Shoe #2 drops with a thud. The NYSE
Euronext announced earlier this month that, like the Nasdaq, it wants
reverse merger companies to trade on the over-the-counter market before being
allowed to apply to uplist. Luckily, like Nasdaq, it exempts companies coming
to the NYSE with a firm commitment underwriting, which is frankly how most
companies we work with get there. So it's not of much practical concern for
most of us. But still it is another slap in the face of the RM industry.
The NYSE proposal also goes further than Nasdaq in
requiring a full year of "seasoning" as opposed to Nasdaq's proposal of six
months. Other parts of the proposal: maintain "for a sustained period" a stock
price of $4.00 while trading over-the-counter and make all your SEC filings for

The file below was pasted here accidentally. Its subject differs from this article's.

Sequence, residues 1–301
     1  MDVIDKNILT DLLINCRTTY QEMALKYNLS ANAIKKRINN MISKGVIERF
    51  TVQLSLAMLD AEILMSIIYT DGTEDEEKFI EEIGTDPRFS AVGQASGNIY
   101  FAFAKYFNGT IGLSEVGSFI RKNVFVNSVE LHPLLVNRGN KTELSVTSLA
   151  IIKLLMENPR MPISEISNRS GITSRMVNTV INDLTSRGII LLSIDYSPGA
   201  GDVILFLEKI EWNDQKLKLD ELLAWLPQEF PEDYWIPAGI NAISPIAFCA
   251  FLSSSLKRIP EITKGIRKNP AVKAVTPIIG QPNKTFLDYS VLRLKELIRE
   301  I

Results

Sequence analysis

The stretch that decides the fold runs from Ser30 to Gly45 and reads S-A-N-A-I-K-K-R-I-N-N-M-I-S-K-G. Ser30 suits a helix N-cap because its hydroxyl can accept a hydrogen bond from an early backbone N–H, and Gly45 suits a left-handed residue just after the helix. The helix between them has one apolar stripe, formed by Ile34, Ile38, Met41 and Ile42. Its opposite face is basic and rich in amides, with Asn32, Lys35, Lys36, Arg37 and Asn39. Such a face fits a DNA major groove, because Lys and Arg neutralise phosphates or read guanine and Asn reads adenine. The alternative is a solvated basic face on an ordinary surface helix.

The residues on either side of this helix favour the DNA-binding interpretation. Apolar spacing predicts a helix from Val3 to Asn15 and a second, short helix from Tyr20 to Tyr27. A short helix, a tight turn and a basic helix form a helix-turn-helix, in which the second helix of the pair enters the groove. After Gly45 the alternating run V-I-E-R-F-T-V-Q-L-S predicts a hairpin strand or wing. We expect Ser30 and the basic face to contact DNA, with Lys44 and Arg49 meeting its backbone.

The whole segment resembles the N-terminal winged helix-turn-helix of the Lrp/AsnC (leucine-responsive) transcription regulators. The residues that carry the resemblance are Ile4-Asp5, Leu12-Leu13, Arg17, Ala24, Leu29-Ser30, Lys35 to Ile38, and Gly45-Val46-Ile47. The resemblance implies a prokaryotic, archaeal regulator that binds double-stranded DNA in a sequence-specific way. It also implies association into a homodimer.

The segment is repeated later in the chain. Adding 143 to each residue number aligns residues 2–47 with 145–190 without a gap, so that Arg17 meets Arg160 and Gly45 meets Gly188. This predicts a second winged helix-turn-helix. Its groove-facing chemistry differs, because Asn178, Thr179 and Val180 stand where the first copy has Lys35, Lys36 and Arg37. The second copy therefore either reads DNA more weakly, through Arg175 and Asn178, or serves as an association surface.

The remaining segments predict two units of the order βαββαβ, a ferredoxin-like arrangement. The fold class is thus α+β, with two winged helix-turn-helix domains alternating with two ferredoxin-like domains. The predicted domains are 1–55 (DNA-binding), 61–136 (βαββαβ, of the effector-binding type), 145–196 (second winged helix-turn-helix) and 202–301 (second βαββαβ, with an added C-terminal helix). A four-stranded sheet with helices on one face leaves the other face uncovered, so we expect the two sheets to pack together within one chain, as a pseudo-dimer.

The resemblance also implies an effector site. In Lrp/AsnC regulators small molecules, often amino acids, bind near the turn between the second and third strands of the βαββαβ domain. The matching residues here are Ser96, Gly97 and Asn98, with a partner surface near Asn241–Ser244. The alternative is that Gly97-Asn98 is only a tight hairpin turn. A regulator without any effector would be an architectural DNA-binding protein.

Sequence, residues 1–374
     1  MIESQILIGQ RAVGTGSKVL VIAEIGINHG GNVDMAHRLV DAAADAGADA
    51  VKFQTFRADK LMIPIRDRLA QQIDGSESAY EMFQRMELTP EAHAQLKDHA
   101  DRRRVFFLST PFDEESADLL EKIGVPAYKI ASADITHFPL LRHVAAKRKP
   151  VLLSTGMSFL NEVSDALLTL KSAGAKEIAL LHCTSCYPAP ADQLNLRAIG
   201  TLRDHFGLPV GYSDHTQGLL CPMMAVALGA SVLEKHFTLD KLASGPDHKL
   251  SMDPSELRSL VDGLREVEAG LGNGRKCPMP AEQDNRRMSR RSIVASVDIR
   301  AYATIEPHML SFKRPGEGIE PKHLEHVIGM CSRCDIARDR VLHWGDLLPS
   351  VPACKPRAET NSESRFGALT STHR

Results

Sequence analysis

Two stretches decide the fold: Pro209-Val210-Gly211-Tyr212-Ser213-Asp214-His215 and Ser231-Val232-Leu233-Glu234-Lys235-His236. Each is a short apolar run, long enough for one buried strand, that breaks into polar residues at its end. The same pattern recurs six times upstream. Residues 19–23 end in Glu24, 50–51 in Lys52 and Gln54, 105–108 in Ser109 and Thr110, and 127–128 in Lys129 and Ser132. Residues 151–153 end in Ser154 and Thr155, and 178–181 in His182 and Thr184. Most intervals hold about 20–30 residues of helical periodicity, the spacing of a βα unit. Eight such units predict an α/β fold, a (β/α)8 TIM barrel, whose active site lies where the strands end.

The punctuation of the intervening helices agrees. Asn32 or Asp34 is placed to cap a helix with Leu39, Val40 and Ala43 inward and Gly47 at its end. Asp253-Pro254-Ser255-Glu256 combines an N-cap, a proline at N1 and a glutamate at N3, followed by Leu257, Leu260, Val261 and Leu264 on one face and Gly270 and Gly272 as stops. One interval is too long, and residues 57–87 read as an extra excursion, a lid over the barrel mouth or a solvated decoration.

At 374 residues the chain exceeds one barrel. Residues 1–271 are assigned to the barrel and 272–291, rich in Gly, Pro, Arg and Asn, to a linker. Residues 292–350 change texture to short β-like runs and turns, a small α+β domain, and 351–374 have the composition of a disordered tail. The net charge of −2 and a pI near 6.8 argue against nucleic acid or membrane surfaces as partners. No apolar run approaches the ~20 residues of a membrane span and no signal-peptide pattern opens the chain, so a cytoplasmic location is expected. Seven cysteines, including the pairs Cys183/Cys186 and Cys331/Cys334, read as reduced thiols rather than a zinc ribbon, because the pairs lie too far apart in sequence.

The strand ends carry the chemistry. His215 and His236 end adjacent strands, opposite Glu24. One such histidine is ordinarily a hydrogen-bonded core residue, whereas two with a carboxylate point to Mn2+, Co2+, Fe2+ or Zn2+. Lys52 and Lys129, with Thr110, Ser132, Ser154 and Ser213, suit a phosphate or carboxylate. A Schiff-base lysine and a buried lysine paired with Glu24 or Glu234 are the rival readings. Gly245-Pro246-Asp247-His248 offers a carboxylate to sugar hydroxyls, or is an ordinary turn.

Another interesting feature - in defining what companies
completed reverse mergers subject to seasoning they say it's a business
combination with a shell. But their proposed definition of shell is broader
than the SEC rule ( their definition is a company with no or nominal
operations and no or nominal assets other than cash). They say it's a
shell if it meets that SEC definition but they may say that others are shells
depending on other factors including how active the assets were, what
revenues the company had, etc.
More on this in another post.
For additional insights on reverse mergers,
SPACs, other alternatives to traditional initial public offerings, the small
and microcap markets and the economy, visit the Reverse Merger and
SPAC Blog by David N. Feldman, Esq., Partner of Richardson &
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